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Civil, insurance, construction and family law

Disclosure of evidence in the possession of a third party

By : Fournier, Alexandre

21 September 2023

In the context of any judicial proceeding, it is customary for the parties to request and obtain the communication and disclosure of information and documentation of any kind from the opposing party. The Code of Civil Procedure (the “C.C.P.”) provides a variety of tools to achieve this, such as formal requests to provide details or to communicate documents, or undertakings to provide information or documents during examinations for discovery. Information may also be exchanged on an ad hoc basis in accordance with sound case management. In short, the goal is to support the “search for the truth” as much as possible, and it is understood that these exchanges between the parties contribute significantly to this goal.

However, despite the parties’ good faith, or when a party refuses to cooperate or even obstructs the process, it is possible that the only person who can communicate the document or information sought is not a party to the proceedings. Fortunately, it is still possible to obtain the document or information sought since the second paragraph of article 251 of the C.C.P. contains a sometimes overlooked tool that requires a third party in possession of a document or piece of evidence relating to the case “to disclose it, present it to the parties, submit it to an expert for examination or preserve it” when the court orders them to do so.

The usefulness of this approach is obvious, especially because it facilitates access by a party to elements that may be essential to the defence of its position prior to the trial. However, to prevent abuse of this measure, which essentially involves a third party in a case that often does not concern him or her, legislators and the courts impose certain prerequisites to its use.

First, it is recommended that the third party be approached in advance to ensure that the document or evidence sought exists and that he or she agrees to transmit it to the parties, if necessary. This simple approach can help prevent a debate before the Court

Then, if the third party refuses to cooperate, if the opposing party objects to the communication, or if there are confidentiality issues, the party wishing to obtain the communication must formally address the court by way of a written request, a copy of which must be transmitted to the third party in question. The third party will be given the opportunity to be present in court during the debate if he or she so desires. The party requesting disclosure of the document or evidence must: (i) establish its existence and identify it, (ii) demonstrate that it is in the possession of the third party, and (iii) show that it is relevant to the case.1 Of course, the Court will reject any request that is unreasonable, abusive or that may constitute a fishing expedition.2 It should also be noted that the Court can only order the disclosure of an existing document or piece of evidence and does not have the power to order the third party to create one.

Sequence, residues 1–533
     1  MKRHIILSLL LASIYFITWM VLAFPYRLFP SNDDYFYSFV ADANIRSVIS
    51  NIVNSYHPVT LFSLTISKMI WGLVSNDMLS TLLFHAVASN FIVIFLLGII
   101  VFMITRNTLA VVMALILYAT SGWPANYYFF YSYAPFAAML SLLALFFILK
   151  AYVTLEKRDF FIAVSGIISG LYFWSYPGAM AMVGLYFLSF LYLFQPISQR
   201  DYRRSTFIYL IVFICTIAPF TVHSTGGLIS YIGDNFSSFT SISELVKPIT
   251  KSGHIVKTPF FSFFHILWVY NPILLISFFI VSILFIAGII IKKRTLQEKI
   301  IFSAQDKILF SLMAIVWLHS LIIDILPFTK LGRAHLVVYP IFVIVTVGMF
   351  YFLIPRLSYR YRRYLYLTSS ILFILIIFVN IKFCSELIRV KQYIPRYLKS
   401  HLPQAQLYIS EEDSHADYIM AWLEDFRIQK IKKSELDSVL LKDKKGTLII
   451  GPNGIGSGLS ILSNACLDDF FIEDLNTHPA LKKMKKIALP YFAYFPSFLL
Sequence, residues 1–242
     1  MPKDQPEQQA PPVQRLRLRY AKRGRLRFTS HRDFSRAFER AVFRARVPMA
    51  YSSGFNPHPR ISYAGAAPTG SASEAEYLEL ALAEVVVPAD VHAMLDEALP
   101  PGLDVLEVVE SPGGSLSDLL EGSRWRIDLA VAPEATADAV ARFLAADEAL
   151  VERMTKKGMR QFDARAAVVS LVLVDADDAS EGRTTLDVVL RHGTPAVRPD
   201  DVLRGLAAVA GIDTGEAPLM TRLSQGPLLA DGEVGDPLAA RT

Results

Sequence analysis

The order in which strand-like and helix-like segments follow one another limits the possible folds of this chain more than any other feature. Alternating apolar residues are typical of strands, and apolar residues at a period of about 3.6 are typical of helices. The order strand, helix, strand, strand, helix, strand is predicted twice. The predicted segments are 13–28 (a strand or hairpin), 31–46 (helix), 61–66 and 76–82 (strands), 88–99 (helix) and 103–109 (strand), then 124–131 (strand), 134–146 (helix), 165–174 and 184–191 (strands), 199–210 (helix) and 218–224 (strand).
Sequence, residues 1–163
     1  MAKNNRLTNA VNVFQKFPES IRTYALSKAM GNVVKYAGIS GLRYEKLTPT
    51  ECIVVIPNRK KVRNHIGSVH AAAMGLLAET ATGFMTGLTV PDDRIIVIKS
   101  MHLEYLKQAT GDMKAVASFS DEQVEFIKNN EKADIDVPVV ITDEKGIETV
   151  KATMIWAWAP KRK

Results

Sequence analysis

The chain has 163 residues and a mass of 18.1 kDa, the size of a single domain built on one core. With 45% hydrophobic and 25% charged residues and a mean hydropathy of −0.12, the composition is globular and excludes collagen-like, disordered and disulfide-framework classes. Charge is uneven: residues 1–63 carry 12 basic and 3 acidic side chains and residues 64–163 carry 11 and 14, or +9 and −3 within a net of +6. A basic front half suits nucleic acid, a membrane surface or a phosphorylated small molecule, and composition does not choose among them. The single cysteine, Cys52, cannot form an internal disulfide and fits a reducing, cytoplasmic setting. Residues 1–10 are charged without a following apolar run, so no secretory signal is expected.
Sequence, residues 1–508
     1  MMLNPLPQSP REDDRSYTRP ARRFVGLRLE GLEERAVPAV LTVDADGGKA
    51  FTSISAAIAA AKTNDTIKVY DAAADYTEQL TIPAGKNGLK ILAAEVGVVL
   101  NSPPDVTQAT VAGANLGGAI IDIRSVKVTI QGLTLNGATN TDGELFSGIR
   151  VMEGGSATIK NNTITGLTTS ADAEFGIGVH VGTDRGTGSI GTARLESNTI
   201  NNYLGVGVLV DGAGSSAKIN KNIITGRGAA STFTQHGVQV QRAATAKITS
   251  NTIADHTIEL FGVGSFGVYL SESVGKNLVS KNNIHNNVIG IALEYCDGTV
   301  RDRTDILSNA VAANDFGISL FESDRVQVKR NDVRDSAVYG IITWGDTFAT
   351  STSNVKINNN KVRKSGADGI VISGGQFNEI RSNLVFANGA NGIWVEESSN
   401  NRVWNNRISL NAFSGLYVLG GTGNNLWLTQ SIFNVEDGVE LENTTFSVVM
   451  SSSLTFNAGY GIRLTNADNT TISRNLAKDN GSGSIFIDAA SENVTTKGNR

Once these conditions are met, the court may issue an order compelling the third party to disclose the material, which may then be used as evidence.

The recourse provided for in article 251, paragraph 2 of the C.C.P. is, in our opinion, an additional illustration of the options available to a party to supplement its evidence during proceedings from a “search for the truth” perspective. A lack of documentation in the possession of a party should therefore not represent an obstacle to the execution of an otherwise well-founded action.

Should you require any additional information, please do not hesitate to contact us.

Entrepreneurs de construction Concordia Inc. v. Régie des installations olympiques, 2021 QCCS 3236 (CanLII), paras 26 et seq.
Allen Entrepreneur général Inc. v. Almiq Contracting Ltd., 2021 QCCS 5133 (CanLII), paras 25 et seq.